HUD Reports Record Increase in Worst Case Housing Needs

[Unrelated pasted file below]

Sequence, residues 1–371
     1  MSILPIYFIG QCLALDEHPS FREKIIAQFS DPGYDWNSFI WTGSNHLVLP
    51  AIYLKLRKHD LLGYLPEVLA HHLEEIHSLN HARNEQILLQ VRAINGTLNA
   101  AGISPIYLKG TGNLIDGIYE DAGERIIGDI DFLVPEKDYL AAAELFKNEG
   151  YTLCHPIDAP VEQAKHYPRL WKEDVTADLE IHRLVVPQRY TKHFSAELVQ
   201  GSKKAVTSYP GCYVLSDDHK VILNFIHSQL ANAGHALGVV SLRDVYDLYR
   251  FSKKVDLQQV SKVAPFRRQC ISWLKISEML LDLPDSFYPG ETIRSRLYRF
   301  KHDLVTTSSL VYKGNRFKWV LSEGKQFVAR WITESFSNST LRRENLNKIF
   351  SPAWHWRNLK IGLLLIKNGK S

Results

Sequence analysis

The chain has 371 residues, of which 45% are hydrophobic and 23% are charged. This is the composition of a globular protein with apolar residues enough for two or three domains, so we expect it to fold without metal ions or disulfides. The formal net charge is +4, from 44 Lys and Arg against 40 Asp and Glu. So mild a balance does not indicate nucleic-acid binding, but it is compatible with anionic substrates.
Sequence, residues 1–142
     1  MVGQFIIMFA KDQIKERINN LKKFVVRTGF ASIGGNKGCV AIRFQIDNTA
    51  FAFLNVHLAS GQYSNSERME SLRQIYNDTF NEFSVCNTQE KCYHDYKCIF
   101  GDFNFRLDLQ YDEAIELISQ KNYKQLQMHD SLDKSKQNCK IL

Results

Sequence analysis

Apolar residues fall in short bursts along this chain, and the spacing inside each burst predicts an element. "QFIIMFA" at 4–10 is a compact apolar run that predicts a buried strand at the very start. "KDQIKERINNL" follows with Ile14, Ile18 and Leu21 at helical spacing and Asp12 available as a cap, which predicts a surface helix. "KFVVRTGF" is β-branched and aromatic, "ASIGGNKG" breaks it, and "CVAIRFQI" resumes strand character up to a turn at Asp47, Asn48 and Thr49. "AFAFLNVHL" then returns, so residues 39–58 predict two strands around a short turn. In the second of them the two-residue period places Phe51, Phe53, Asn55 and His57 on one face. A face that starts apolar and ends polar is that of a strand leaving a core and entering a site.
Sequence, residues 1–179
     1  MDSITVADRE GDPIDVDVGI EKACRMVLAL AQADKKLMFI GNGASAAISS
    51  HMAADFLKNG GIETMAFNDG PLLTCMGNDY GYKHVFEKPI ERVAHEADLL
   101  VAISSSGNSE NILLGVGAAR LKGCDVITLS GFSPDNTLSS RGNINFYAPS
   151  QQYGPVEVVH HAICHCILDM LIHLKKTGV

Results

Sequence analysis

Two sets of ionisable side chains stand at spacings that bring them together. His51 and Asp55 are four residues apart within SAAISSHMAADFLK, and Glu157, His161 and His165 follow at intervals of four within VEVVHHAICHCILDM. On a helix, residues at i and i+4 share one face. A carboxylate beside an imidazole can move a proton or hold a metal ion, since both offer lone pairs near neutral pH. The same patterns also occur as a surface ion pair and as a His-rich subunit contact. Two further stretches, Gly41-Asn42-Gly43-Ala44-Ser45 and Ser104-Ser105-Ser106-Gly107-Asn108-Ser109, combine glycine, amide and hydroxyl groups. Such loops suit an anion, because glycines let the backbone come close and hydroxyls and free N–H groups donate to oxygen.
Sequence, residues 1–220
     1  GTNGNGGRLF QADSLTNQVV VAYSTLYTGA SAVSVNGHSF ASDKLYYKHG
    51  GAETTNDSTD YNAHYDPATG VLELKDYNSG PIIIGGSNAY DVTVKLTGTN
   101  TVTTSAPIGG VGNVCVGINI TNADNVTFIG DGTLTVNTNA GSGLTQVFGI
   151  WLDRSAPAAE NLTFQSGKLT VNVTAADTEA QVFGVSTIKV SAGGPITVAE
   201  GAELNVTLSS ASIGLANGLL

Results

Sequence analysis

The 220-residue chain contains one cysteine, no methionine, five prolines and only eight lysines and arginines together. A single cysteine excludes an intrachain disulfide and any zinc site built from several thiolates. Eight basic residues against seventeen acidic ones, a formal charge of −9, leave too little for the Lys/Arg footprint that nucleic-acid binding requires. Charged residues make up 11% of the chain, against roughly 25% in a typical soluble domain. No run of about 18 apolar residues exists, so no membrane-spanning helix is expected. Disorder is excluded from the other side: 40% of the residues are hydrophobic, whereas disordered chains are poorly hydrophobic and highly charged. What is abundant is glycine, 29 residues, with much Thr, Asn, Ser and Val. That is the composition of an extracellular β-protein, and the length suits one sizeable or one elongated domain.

HUD will release the full 2011 Worst Case Housing Needs Report on Monday, February 25. In a summary released on February 22, HUD reports a dramatic rise in the number of families with very low incomes (at or below 50% of the median income in their area) who paid more than half their monthly income on rent, lived in severely substandard housing, or both. According to the summary, the number of unassisted renter households with these “worst case housing needs” increased from 7.1 million in 2009 to 8.5 million in 2011, a 19% increase over two years. Since 2007, this number has risen by more than 2.5 million, or 43.5%. As a comparison, from 2001 to 2003, the number of families with worst case housing needs increased by just 162,000, or 3.2%. HUD found that worst case housing needs increased across all racial groups, household types, and regions of the country. Some of the largest increases were seen among Hispanic and non-Hispanic white households with almost half (48%) of all new cases of worst case housing needs were found among white households and 28% were found among Hispanic households. According to the summary, 38% of all households with worst case housing needs were families with children and 17% were elderly households. Furthermore, the number of households with worst case housing needs with at least one nonelderly person with a disability increased from 990,000 in 2009 to 1.3 million in 2011. HUD concludes that the significant increase in the number of very low income renters with worst case housing needs is primarily due to the substantial number of homeowners who became renters as a result of poor economic and housing market conditions such as high unemployment rates and the foreclosure crisis. There was also a fairly significant uptick in new household formation. These two factors accounted for 53% of the total increase in worst case housing needs. Other contributing factors to the overall increase included falling incomes among renters (15%), a continuing shortage of rental housing assistance (9%), and an increasing deficit of affordable housing (23%).    “These sobering numbers remind us that as we work to craft a balanced approach to our budget and priorities, we can’t lose sight of those who may be teetering on the brink of homelessness,” said HUD Secretary Shaun Donovan in a press release about the report.Click here to view the report, Worst Case Housing Needs 2011: A Summary Report to Congress (PDF). NLIHC will provide a more comprehensive analysis of the full report in next week’s Memo to Members.